When the pandemic furloughed Brendan Ullmann, (left) 27, and Tyler O’Toole, 29, rising chefs at Manhattan’s vaunted Jean-Georges, their defiant response was to restore a 1720 farmhouse in Ullmann’s hometown of Fredon. On a country road surrounded by fields, they unfurled a restaurant with homespun charm and food that downplays its own elegance in favor of sensory pleasure. Exacting French technique, farm-fresh ingredients and focused creativity characterize every dish, often with exciting Asian touches, like the delectable duck breast basking in pho broth. “We never stop tasting and tweaking,” says O’Toole, “and we don’t send anything out that we don’t agree is a total wow.” —KTH
310 Route 94, 973-862-6410
Chef Chris Siversen, who made his name presenting sparkling seafood at Maritime Parc on the Jersey City waterfront, was invited to create a signature spot at the renovated Westminster Hotel. His idea: “Play up the hotel’s social vibe with an appealingly updated steak house and festive bar.” Feathered Fox is as sleek and lighthearted as its name. The bustling bar pours impeccably updated cocktails, craft brews and oenophile-friendly wines. The airy, buzzy dining room offers splendidly crisp dry-aged steaks from DeBragga & Spitler, pristine sushi and seafood, and intriguing salads. Must-orders: the lush tuna tartare and the deep-fried mashed-potato rings. —KTH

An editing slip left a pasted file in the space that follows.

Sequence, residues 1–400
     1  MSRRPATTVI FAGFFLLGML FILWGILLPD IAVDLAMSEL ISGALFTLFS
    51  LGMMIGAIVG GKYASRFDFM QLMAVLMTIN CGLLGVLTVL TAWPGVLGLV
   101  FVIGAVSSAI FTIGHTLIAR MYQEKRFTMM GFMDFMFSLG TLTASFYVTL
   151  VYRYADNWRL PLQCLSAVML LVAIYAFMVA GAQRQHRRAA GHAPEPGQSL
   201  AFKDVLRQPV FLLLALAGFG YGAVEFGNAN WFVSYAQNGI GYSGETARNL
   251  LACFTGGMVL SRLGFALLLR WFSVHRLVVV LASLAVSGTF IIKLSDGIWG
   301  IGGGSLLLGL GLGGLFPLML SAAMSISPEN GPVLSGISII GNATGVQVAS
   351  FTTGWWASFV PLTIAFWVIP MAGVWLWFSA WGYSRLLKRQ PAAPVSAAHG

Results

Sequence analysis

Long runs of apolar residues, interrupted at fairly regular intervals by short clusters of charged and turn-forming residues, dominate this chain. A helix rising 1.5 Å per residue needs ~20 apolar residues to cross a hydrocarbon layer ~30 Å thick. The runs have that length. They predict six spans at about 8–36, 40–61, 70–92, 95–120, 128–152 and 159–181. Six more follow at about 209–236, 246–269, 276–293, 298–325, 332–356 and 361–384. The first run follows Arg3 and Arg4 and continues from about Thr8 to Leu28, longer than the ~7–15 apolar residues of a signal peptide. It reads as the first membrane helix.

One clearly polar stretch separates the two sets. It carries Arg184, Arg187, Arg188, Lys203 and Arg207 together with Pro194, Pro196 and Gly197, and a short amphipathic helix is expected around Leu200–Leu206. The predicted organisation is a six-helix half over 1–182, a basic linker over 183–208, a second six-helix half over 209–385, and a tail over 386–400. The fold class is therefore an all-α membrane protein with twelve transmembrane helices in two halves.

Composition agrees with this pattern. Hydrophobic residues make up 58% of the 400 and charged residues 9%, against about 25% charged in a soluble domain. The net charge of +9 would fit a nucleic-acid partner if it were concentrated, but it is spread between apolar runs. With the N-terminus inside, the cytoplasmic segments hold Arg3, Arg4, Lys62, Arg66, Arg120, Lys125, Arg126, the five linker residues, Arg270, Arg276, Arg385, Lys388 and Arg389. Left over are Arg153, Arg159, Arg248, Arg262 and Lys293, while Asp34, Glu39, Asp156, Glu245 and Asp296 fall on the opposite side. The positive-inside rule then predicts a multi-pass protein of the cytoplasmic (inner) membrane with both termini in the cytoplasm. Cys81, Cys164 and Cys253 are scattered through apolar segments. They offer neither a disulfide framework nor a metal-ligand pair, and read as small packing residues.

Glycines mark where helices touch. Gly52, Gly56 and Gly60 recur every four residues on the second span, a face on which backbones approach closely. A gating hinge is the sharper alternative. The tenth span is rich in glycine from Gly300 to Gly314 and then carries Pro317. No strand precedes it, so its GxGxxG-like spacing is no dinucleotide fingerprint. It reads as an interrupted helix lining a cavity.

Westminster Hotel, 550 W. Mt. Pleasant Avenue, 973-994-4900
People from the Tuscan city of Florence are Fiorentini. Antonio De Ieso and his wife, Brenda, are Fiorentini, even though she was born in Peru. She designed the interior, including the graphics and the greenery suspended from the high ceiling. Antonio is the chef. He grew up in an orphanage in Florence and might not have warm feelings today about the city had a woman who came to work in the orphanage kitchen when he was nine not taken him and his siblings under her wing. “She was from a family of farmers,” he says. “Unlike the other ladies, she was focused on giving us good, healthy food. That’s had a big impact on my life.”
As a teen, De Ieso began working in Florentine kitchens. Although the tasks were at first menial, “you would see that when a dish goes out, people respond to it.” De Ieso came to New York in 2012 and worked his way up to executive chef of the Sea Grill in Rockefeller Center.
At Fiorentini, his dishes are detailed and ingratiating. Pastas are made in-house from Italian flour, and meats are organic. “My wife and I always intended to have our own place,” he says. “When the pandemic hit, we looked at each other and said, ‘Time to put down a plan.’” BYO —EL